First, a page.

For this week's selection I am indebted to Almanack reader Frank Spremulli. Noting that I was admirer of the Master of Darkness, he kindly took this and three other Shadow mags to the post office and had them delivered to my doorstep. Thanks Frank!
To call "Trail of Vengeance" a forgotten book is cheating a little, because while it's pretty well forgotten, it's not yet a book. To date, over half of The Shadow's 325 pulp adventures have reprinted in one form or another (most of them by the folks at Nostalgia Ventures), but this one, number 257 in the series, is still awaiting its turn.
It's been a good many years since I've read a Shadow novel from this era, and I have to rate it several notches below my favorites - the first six or eight in the series - which I remember as being excellent. In the beginning, the Shadow was a mysterious and fascinating being seen only through the eyes of agents. And his agents knew little more about him than the readers - who knew nothing at all. The concept was fresh and new, and very, very cool. No one was certain if the Shadow was a being of flesh and blood, or more akin to a force of nature.
But by 1942, our hero had lost most of his mystery. Readers knew that he was in reality the former ace aviator Kent Allard, and that his seemingly supernatural qualities were the result of magic tricks or science. And in this story, the Shadow falls victim, time and again, to his own mistakes and miscalculations. He performs so poorly, in fact, that he eventually has to be rescued by two of his agents.
Sadly, it's not only the Shadow who's off his game, but Walter Gibson as well. Though Gibson had long since proven himself a master of the showing-not-telling school of fiction, this story is mostly just told, often from several viewpoints in the same scene, and sometimes from the viewpoint of two people at once. The result is a novel that reads more like a synopsis, detailing what happens and why without ever really engaging the reader.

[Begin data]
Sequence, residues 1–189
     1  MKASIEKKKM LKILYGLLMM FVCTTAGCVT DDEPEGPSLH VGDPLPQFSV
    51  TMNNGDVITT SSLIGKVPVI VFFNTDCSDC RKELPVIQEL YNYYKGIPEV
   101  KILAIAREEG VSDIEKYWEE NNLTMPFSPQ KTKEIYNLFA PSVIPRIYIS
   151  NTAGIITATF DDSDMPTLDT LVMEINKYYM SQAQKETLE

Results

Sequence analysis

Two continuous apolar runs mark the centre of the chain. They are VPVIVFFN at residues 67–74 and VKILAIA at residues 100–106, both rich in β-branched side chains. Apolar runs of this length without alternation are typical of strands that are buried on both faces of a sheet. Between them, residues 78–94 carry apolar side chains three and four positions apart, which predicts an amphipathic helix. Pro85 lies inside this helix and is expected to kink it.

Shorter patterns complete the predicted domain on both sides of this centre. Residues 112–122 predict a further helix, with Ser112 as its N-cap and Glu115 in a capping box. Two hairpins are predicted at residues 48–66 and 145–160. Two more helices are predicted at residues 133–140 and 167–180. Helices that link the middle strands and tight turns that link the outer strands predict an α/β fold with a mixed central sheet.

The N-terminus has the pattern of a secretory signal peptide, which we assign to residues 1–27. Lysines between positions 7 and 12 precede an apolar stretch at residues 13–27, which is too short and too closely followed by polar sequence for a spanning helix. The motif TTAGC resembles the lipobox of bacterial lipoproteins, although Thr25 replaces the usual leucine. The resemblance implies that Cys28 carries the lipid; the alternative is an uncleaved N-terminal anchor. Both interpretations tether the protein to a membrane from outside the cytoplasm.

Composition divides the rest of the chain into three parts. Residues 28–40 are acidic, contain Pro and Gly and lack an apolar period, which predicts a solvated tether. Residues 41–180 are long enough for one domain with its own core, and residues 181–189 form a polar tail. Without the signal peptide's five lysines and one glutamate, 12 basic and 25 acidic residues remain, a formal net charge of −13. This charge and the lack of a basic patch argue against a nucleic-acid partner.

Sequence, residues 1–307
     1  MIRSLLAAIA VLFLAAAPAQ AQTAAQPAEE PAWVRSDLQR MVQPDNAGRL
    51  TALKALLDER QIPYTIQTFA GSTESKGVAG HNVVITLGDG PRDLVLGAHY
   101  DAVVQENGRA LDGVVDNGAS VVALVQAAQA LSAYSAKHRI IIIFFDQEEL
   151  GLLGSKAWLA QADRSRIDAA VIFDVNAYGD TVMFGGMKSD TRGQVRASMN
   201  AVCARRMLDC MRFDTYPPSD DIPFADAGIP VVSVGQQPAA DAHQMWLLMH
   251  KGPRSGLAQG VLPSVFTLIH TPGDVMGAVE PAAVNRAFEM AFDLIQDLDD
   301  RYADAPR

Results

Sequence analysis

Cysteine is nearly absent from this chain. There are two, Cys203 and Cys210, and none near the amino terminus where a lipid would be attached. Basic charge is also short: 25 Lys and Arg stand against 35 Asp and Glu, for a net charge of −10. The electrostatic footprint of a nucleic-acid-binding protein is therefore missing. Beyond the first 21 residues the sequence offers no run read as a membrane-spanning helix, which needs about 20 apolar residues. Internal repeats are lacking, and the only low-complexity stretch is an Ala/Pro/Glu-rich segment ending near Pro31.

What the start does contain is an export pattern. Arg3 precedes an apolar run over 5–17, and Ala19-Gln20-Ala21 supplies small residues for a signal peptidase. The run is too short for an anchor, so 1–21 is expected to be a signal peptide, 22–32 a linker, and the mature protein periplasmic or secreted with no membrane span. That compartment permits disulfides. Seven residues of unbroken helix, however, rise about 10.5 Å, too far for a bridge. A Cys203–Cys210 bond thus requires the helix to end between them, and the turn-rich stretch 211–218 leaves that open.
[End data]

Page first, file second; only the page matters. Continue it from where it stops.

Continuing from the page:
And Gibson does a bit of pandering to fans of the radio show. At one point, Detective Joe Cardona reflects that he's heard a rumor that the Shadow has the ability to make himself invisible by clouding men's minds, a skill learned in Tibet. And though Margo Lane is absent from this tale, there's a reference to her, calling her Lamont Cranston's "girlfriend." The Shadow with a girlfriend? Yikes.
BUT, despite all my griping, I did enjoy reading this, if only for the experience of seeing the Shadow in his natural habitat. I've read Shadow novels in mass paperbacks old and new, in hardcover, in facsimile trade paperback, on Palm Pilot, in PDF format, on Kindle and in Nostalgia Ventures volumes, but until now never directly from a pulp magazine. And for that I have to say thank you, once again, to Mr. Frank Spremulli.
More Forgotten Books at pattinase!